I returned to the school last week to carry out a presentation for the students who will be volunteering with us this October. My presentation included pictures and video footage from the project last year and all of the students were moved and excited about these past achievements and the possibilities that this year’s project holds. For me, this reaction and the successes of past projects with young volunteers, shows how it is not a lack of ambition or aspiration within children from low-income backgrounds which is inhibiting social mobility, but that they have perhaps not been given the opportunity to discover what their aspirations could be and how they can reach them.

Rebecca Fisher

Head of Global Volunteering


Madventurer provides sustainable and ethical projects worldwide, pursuing development, global education, cultural exploration and life changing experiences. Madventurer is a not-for-profit organisation which helps raise funds for the MAD (Make A Difference) Foundation – Registered UK Charity No 1111805.

4 responses to “Guest Post: Aspiration. Where is it?

  • Helen Walker

    You may also be interested taking part in training and research in how we are managing to raise aspirations, resilience and optimism in c&yp, families and communities at HOME already in the NE.

  • Helen Walker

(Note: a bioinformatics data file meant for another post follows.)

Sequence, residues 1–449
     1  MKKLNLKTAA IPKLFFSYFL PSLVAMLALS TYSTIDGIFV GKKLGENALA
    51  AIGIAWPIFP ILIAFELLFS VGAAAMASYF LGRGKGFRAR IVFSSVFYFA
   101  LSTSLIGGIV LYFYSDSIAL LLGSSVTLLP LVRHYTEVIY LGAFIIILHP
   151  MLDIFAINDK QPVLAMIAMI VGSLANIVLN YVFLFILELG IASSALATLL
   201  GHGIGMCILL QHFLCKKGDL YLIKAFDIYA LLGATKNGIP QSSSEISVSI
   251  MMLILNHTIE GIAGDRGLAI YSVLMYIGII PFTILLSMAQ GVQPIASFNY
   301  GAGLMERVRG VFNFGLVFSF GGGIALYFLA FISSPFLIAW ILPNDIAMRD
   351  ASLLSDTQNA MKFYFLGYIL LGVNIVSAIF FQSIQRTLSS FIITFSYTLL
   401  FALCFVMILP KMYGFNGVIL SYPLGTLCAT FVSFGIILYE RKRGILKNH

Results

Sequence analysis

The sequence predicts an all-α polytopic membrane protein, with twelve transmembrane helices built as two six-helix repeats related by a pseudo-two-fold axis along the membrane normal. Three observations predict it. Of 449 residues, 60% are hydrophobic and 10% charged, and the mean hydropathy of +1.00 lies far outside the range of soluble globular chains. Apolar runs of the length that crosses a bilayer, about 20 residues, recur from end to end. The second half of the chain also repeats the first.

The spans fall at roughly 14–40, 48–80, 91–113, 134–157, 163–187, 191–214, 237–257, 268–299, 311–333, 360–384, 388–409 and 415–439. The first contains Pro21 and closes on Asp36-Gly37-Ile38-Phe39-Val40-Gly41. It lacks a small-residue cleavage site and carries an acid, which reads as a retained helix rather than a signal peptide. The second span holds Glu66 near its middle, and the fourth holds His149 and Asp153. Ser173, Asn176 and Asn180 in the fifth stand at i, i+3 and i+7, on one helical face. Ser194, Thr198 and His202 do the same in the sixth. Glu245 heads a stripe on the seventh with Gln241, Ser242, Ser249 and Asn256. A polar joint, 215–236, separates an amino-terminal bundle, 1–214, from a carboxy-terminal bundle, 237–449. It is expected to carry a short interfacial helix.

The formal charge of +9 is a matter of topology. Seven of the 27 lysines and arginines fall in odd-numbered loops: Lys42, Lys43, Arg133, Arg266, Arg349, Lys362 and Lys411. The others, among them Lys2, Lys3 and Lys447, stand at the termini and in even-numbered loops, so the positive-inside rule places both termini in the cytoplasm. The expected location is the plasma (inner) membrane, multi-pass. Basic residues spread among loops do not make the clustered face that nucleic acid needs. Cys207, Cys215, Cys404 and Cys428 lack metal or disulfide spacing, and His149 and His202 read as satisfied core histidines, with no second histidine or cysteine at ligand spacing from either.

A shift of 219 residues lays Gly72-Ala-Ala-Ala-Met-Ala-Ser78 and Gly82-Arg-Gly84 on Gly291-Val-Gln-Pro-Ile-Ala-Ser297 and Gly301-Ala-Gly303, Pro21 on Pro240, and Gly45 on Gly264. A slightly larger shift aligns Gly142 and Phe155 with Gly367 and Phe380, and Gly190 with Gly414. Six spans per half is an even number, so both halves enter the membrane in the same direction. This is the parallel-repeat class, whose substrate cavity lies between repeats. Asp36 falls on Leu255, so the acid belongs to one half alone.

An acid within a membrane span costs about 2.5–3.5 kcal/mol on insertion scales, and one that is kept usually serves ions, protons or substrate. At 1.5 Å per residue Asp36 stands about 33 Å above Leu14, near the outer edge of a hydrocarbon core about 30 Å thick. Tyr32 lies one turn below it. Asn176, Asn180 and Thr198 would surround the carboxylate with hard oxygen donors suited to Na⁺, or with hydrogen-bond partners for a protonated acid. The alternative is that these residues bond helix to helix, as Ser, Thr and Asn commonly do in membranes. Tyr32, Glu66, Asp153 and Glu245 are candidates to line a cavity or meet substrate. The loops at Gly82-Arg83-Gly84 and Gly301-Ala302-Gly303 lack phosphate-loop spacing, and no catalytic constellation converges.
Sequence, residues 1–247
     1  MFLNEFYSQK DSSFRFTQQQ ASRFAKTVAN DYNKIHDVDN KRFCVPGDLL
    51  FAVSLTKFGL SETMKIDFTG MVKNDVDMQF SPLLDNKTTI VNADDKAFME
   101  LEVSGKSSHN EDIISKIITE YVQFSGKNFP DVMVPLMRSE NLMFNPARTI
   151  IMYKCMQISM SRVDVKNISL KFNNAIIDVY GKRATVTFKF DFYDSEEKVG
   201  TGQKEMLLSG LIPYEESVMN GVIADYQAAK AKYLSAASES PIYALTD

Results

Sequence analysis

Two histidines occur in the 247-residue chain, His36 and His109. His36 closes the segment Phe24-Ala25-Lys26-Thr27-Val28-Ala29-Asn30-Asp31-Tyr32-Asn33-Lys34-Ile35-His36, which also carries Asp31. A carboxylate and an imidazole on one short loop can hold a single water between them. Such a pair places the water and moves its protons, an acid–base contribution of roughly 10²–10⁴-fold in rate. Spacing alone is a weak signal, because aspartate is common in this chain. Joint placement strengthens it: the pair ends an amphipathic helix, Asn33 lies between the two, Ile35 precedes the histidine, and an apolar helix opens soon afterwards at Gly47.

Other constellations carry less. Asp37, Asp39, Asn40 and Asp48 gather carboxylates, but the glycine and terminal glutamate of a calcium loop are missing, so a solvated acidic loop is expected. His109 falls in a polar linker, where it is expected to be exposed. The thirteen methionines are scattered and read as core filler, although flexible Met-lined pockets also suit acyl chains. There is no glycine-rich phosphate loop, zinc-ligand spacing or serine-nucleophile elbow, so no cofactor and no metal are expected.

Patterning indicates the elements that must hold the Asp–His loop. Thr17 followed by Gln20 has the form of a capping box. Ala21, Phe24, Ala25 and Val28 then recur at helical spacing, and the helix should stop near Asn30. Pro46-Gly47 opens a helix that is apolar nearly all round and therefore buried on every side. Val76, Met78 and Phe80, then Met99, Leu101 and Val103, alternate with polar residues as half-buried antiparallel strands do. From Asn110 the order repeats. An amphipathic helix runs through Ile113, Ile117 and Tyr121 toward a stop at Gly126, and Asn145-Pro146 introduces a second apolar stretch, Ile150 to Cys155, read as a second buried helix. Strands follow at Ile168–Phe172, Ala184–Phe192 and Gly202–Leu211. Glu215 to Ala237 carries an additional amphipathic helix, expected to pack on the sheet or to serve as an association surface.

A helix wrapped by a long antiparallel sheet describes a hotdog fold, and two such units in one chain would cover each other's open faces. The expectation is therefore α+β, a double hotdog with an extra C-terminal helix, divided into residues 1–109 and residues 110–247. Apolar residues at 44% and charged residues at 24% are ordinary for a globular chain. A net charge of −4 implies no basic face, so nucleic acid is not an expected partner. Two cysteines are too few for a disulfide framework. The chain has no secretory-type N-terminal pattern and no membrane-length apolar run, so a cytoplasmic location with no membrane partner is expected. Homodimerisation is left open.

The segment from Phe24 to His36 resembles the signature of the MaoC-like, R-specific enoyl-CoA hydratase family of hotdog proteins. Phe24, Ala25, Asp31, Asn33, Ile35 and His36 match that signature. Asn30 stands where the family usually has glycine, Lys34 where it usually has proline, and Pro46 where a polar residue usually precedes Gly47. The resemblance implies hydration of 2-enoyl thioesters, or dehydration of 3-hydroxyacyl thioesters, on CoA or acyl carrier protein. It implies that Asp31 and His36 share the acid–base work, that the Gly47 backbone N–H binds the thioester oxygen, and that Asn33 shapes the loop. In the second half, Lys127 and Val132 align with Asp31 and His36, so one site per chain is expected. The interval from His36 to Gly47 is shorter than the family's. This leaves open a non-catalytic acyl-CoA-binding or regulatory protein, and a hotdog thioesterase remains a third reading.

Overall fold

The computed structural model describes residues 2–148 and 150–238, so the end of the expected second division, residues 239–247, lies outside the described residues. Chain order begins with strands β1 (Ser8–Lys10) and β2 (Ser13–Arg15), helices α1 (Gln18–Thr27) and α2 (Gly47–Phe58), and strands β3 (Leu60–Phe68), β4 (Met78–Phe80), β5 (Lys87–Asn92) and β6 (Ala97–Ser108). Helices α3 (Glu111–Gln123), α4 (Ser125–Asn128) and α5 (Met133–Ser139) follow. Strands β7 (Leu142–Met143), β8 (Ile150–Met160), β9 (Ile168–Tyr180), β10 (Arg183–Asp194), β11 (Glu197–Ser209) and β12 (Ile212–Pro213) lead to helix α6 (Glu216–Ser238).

Ps Dismayed at lack of vision of PHF funding for artists in the NE today. No care, interest or strategy for making a difference for aspiration in the NE through community art.

  • Stephen Crossley

    Hi Helen, thanks for the comments.

    It looks like you do some very interesting work. What do you think of the recent Joseph Rowntree Foundation research which suggests that the term ‘raising aspirations’ might not be very helpful and that there isn’t a great deal of evidence of ‘low aspirations’? (We’ve done a couple of blogs based on some of these research findings). They suggest ‘keeping aspirations on track’ might be more appropriate and, in the North East, a few people have suggested ‘realising aspirations’ as an alternative.

    Do you have any thoughts on this?


    • Helen Walker

      Hi Steve
      Yes I agree entirely with JRF findings and that supporting young people to realise their own aspirations is key. Unfortunately our education system (particularly secondary) doesn’t ask what’s really important to them and what difference they want to make for themselves and for others- ie. finding the relevance and purpose in their lessons and then supporting them to realise their aspiration. This is at the heart of my work in the NE regional CIC ‘r u Making a Difference 2?’ and have fabulous early impact across a variety of settings, such improvements in behaviour, writing, attendance, maturity, social responsibility and psychological capacity.
      Most of this is centred around schools in Walker, but have used it with School Leaders and NHS Managers too who have made changes to Performance Management systems to grow psychological capacity and leadership impact of their staff too.
      Had a meeting with NE regional arts organisations yesterday who have a large amount of charitable funding to improve artists skills the community- was really dismayed that there was little sense of trying to make a difference for others in the region. Our NE statistics aren’t great as you know.
      This afternoon I’m working with a Northumbria Univeristy Academic WellBeing Group along with some of the regions WellBeing charities, to facilitate what’s important to them (aspiration) and what difference they want to make across the NE region in WellBeing.
      If anyone wants to try some of the techniques for research and impact purposes that would be fantastic.
      Best wishes